Jim: Yeah.

Mark: … you… What- what you’re doing with- with support is you’re- you’re outsourcing your thinking.

John: Yeah. We’re talking today on Focus on the Family with Mark and Rosie Makinney, and, uh, I so hope that you’re gonna contact us for a copy of Rosie’s book, Fight for Love. Uh, that’s the name of her podcast and her ministry as well. We’ve got all the details at focusonthefamily.com/broadcast, or give us a call, 800, the letter A, and the word FAMILY.

Jim: Rosie, in the book, you also use an analogy between polar bears. Yes. And sheep. (laughs) So what’s-

Rosie: I think this is yours, Mark, isn’t it?

Jim: Oh, was this Mark’s?

Rosie: Oh, yes, this is…

Mark: So I say this to guys because it’s how God made us. So, what’s the healing process look like? Really, we have to live in accordance to the way we’re made. And by that, I don’t mean just tuck your shirt in and be sweet and nice. I love what you said earlier, Jim, about that we put on a façade. You know, so the façade of being self-reliant. I always say to guys, you know, the Jason Bourne movies.

Jim: (laughs)

Mark: Every dude wants to be that guy. Like, “I’m single-handedly taking on the government.” You know what I mean?

Jim: Yeah.

Mark: But, but we aren’t that. Jesus made us a sheep. So, and- and a child. And both of them are- are vulnerable and not thriving when they’re isolated.

Jim: No, that, it… That is so good, and it’s so true. It appeals to the male ego to think we can conquer the world, and, uh, and we’re that good. (laughs) Typically, we’re not.

Mark: Silver line. Silver line. Yeah.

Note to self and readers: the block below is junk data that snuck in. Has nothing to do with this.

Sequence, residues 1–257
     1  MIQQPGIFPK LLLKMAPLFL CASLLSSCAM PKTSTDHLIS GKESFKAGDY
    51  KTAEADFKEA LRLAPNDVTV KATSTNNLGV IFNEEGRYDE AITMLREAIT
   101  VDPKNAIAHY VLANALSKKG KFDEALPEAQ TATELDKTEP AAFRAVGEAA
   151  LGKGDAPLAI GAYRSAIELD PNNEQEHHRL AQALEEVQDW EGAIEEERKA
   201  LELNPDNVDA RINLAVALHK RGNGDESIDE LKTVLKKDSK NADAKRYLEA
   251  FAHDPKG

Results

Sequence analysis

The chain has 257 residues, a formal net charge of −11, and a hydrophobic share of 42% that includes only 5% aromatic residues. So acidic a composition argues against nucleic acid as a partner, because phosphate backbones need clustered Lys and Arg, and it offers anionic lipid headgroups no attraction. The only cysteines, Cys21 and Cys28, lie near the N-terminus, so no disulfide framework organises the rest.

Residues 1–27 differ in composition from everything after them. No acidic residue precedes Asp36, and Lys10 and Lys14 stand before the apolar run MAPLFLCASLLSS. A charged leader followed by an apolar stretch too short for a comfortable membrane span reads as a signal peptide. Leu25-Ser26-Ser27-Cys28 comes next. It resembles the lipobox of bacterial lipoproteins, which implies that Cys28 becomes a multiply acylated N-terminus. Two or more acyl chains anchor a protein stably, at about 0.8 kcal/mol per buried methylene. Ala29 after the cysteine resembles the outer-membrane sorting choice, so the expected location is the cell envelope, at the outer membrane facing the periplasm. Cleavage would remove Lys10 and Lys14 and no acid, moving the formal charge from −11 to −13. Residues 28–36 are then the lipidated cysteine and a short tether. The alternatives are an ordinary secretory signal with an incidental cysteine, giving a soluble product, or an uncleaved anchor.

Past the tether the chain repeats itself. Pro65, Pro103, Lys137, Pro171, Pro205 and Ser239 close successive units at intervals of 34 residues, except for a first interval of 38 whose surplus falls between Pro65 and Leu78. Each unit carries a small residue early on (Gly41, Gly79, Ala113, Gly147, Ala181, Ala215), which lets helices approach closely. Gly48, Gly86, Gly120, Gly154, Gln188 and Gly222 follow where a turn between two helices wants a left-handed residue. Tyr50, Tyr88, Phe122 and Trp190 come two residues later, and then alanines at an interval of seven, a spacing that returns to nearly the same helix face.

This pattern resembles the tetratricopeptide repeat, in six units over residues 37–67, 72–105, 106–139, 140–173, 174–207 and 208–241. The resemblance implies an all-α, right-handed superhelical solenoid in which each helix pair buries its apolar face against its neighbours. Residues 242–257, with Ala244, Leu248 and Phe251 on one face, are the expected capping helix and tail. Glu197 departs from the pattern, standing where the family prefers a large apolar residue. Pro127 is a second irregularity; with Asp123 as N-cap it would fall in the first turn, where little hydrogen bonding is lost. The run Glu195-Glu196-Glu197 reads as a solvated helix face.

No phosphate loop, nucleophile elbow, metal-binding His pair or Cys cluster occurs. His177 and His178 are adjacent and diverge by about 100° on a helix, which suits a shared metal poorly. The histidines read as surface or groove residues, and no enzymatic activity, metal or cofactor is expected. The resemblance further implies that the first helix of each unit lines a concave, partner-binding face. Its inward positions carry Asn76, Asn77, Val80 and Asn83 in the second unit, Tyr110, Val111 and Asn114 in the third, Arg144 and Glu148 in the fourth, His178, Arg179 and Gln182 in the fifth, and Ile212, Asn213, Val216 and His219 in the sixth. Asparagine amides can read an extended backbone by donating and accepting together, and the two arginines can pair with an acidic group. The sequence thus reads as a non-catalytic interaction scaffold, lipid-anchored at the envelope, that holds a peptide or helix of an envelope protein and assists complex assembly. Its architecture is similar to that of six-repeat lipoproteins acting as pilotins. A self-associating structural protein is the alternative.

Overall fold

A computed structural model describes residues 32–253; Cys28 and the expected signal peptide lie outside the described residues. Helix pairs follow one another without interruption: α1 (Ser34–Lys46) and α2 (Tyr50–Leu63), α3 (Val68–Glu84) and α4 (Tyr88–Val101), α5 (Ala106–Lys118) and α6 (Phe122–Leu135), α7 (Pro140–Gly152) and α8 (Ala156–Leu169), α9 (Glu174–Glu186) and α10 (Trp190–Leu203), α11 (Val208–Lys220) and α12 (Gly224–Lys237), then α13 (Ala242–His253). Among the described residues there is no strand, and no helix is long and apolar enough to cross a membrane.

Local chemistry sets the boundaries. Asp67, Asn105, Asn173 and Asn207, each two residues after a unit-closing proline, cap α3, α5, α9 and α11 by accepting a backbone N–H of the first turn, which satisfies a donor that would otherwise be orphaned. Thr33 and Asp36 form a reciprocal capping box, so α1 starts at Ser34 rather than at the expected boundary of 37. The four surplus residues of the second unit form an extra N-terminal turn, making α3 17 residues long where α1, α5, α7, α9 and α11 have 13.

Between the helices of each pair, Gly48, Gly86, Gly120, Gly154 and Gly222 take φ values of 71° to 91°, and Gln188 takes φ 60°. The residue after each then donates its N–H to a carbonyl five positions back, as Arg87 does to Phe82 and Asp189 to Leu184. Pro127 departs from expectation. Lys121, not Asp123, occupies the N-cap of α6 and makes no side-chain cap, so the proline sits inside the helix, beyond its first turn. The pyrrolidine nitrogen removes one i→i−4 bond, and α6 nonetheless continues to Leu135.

Jim: Uh, you- you stress the importance of accountability in the recovery process. Some call that, uh, transformational community and openness. Uh, what does that look like? (laughs) And why is it so critical to be that way? Which, God must love a heart that’s transparent and open.

Mark: I mean, I would say too that what, um… If you are struggling with pornography, what that says about you is this. That you are actually in the category of people that Jesus came to save. He said, “I did not come to call the righteous to repentance. Uh, uh, the well do not need a physician.” So, I mean, I know it’s… I’m not minimizing porn use. It’s a bad one. But that’s all it says. So the accountability thing, what happens is, you actually discover the Gospel in a whole new way, ’cause now I can tell you all the goo… And not that grr is not just sexual acting out. It’s the fact that, you know, you resent your- your, uh, boss. You resent your kids or whatever. You can get that out there, and what you get back from the spirit of God through the body of Christ is mercy and grace and challenge. We need challenge too.

Jim: It’s what it should be.